Carbonyl azides were first described more than a century ago by Curtius and Thiele in 1894 [1,2]. Today, carbonyl azides are used as intermediates in organic chemistry in the formation of reactive isocyanates and amines. However, as pure compounds, carbonyl azides (small ones, in particular) have a bad reputation due to their high explosive sensitivity and instability. Consequently, most reported examples have only been poorly characterized.
Thomas M. Klapötke, Ludwig Maximilian University (LMU) Munich, Germany, and colleagues have synthesized and characterized particularly small carbonyl azide derivatives such as oxalyl diazide (pictured, 1), carbamoyl azide (2), and N,N‘-bis(azidocarbonyl)hydrazine (3). The carbonyl azides were synthesized from hydrazino precursor compounds by careful diazotation at low temperatures. Carbamoyl azide could also be obtained from oxalyl diazide via a Curtius rearrangement to the reactive isocyanate, followed by a reaction with water. The team was also able to trap this isocyanate with hydroxy-functionalized or amino-functionalized molecules, i. e., methanol, oxetan-3-ol, and 2-amino-5H-tetrazole.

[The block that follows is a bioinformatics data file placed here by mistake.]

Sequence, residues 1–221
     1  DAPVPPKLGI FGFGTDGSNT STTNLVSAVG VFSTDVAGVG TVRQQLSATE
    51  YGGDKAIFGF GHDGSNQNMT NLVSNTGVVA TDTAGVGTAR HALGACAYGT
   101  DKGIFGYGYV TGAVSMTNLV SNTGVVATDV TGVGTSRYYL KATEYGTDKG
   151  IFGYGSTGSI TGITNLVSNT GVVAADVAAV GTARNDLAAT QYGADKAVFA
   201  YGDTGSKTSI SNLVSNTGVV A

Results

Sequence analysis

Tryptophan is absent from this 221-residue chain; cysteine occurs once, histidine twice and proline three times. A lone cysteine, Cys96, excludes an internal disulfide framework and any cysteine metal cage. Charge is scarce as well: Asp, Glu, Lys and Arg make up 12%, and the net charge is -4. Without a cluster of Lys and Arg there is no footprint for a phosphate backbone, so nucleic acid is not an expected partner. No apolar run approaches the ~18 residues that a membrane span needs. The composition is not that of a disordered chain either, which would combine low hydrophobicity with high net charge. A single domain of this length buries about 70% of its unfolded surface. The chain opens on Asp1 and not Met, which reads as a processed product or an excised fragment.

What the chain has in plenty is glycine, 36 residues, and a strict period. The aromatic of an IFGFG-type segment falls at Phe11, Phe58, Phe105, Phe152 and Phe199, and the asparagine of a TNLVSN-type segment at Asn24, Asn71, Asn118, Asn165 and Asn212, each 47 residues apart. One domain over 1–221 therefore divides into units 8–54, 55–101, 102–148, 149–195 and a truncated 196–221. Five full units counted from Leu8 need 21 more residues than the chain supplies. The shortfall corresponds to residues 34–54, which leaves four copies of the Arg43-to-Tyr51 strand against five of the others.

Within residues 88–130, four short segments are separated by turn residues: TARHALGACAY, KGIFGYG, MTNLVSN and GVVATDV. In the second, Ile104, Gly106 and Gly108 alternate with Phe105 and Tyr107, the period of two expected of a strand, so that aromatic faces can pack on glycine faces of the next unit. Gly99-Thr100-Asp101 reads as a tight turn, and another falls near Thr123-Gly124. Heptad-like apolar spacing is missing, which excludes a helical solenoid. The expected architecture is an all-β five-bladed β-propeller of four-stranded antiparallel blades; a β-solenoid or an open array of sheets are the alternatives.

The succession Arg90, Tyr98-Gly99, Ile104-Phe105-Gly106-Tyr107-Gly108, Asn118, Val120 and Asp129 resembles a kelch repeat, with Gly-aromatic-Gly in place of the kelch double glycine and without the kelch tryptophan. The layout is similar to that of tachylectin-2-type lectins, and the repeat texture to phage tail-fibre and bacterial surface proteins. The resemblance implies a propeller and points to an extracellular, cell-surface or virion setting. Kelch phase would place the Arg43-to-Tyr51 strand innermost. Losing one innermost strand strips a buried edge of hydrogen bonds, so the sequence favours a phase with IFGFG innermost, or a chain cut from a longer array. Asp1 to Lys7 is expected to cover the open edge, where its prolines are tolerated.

All synthesized compounds were investigated by NMR spectroscopy, infrared (IR) spectroscopy, and X-ray diffraction, and their thermal and physical stability were evaluated. Carbamoyl azide was found to be particularly stable toward external stimuli such as impact or friction due to the strong hydrogen bonds in the solid material.
- Synthesis, Characterization and Energetic Performance of Oxalyl diazide, Carbamoyl azide and N,N‘-bis(azidocarbonyl)hydrazine,
Thomas M. Klapötke, Alexander G. Harter, Jörg Stierstorfer, Michael Voggenreiter, Xiaoqing Zeng,
-  Umlagerung von Säureaziden, R.CON3, in Derivate alkylirter Amine (Ersatz von Carboxyl durch Amid),
Ber. Dtsch. Chem. Ges. 1894, 27, 778–781.
-  Ueber Semicarbazid,
J. Thiele, O. Stange,
Liebigs Ann. Chem. 1894, 283, 1–46.